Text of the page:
2. Country music maverick Zac Brown Band is one of the more odd Summer Camp lineup additions in recent memory. They clearly know their audience; their impressive set was devoted to classic covers and surprise sit ins. My highlight would have to be the heart-wrenching rendition of Pink Floyd’s “Comfortably Numb” with Jake Cinniger of Umphrey’s McGee or Tom Petty’s “Runnin’ Down a Dream” performed with moe..
3. We all know of the success Cosby Sweater enjoyed at Summer Camp this year. They’re also an act who’s not afraid to show people exactly where their inspiration comes from. After a funky version of Pink Floyd’s “Another Brick in the Wall” with Joel Cummins on Thursday, the Sweater whipped out three The New Deal covers, (“VL Tone,” “Glide,” and “Techno Beam”) on Friday night. The meeting of those proggy keyboard melodies and Nicholas Gerlach’s speedy EWI shreddery was a penetrating sonic experience. It was a special treat to hear those memorable sounds with so much excitement surrounding the return of the godfathers of livetronica. The musical styles of Cosby Sweater and The New Deal go together like chocolate chips and pancakes.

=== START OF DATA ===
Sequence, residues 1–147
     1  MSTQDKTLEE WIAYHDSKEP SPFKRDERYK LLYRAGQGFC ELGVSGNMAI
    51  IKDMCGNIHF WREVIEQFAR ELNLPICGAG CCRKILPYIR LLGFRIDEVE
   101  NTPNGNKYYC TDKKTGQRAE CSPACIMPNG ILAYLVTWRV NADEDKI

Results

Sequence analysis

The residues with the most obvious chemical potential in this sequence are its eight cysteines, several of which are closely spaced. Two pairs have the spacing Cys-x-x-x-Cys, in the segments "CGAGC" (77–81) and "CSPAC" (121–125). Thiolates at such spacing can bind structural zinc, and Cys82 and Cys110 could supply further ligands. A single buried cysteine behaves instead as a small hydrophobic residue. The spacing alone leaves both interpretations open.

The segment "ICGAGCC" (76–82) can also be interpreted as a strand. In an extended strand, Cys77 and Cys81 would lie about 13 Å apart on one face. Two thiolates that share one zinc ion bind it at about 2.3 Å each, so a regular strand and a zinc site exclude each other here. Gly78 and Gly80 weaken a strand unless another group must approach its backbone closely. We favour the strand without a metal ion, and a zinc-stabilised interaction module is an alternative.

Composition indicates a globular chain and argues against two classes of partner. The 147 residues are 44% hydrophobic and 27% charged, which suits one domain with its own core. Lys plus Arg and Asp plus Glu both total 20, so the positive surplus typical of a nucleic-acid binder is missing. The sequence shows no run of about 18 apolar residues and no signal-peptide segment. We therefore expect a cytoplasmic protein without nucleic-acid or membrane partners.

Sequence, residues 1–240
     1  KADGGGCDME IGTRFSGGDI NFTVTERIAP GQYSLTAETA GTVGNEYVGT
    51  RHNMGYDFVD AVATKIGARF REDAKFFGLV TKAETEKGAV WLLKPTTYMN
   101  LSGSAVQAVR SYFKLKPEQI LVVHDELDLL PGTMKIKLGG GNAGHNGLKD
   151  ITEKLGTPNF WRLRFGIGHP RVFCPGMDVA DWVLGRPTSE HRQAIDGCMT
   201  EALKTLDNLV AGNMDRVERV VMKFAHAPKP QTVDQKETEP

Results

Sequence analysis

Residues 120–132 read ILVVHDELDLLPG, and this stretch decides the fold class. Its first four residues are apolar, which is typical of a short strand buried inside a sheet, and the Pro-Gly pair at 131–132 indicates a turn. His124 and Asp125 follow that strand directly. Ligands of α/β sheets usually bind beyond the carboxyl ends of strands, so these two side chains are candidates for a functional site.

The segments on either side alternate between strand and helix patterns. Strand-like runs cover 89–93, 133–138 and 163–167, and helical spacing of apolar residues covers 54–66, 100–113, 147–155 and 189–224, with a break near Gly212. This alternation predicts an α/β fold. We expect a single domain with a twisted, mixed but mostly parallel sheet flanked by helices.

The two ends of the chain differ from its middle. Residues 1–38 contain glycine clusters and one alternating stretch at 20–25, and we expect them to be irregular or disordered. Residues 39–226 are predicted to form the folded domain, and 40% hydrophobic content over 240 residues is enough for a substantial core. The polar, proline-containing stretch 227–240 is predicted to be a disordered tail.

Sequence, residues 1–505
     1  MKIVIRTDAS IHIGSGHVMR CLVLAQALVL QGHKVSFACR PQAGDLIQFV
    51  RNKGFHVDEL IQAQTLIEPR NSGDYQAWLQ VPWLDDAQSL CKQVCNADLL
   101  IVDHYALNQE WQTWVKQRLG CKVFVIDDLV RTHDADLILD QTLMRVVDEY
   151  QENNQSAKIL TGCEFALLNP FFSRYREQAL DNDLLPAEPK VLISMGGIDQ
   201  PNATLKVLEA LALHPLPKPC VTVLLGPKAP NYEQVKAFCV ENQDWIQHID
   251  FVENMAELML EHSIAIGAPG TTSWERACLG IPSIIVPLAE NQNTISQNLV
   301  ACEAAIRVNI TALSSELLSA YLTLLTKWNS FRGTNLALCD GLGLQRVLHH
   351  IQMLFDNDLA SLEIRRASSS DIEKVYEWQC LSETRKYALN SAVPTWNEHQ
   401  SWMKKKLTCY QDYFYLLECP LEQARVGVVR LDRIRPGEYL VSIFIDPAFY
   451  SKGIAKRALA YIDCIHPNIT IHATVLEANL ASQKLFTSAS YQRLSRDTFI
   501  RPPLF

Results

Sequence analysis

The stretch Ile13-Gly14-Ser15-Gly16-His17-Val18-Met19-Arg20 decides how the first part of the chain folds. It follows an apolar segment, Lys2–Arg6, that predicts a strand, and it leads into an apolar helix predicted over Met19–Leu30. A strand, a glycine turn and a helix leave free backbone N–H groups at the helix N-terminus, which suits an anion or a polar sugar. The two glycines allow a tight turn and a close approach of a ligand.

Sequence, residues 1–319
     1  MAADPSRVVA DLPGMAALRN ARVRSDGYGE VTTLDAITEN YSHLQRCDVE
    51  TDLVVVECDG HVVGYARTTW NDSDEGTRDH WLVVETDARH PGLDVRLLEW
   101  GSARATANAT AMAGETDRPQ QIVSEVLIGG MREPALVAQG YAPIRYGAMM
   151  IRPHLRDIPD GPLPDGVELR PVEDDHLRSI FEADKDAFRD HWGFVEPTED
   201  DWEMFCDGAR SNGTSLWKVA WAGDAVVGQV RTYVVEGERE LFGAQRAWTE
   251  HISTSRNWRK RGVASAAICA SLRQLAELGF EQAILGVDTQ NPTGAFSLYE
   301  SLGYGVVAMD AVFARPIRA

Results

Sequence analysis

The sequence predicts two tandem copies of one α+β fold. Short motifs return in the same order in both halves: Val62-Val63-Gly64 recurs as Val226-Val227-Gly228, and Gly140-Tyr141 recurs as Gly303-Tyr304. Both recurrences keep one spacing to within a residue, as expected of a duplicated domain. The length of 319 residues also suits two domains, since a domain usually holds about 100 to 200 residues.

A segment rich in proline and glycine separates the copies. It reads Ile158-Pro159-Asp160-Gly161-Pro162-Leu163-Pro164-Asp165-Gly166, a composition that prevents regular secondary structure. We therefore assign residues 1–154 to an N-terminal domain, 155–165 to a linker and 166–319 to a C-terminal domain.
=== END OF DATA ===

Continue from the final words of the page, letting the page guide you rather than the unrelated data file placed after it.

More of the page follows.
As if that wasn’t enough, North American Scum, an LCD Soundsystem tribute band comprised of Joel Cummins and members of Cosby Sweater and Digital Tape Machine, made its premiere at this year’s Summer Camp. There has never been a better time for gifted musicians trained in the art of mixing rock and electronic music to revamp LCD’s aged but highly influential discography.
4. A particularly nostalgic moment at this year’s Summer Camp wasn’t a tribute to any musician or band. As I made the trek from a sensational Lotus set at the Moonshine Stage to more Umphrey’s at the Sunshine Stage, I was lucky enough to stop by the Soulshine Tent to hear whysowhite resurrect the “All That” theme song. That’s right – the Nickelodeon TV show with Amanda Bynes and Keenan Thompson that only ’90s kids can remember. Although portrayed through a different medium, that tune is as symbolic of many childhoods as music. (whysowhite is an incredibly fun band from Chicago; check them out).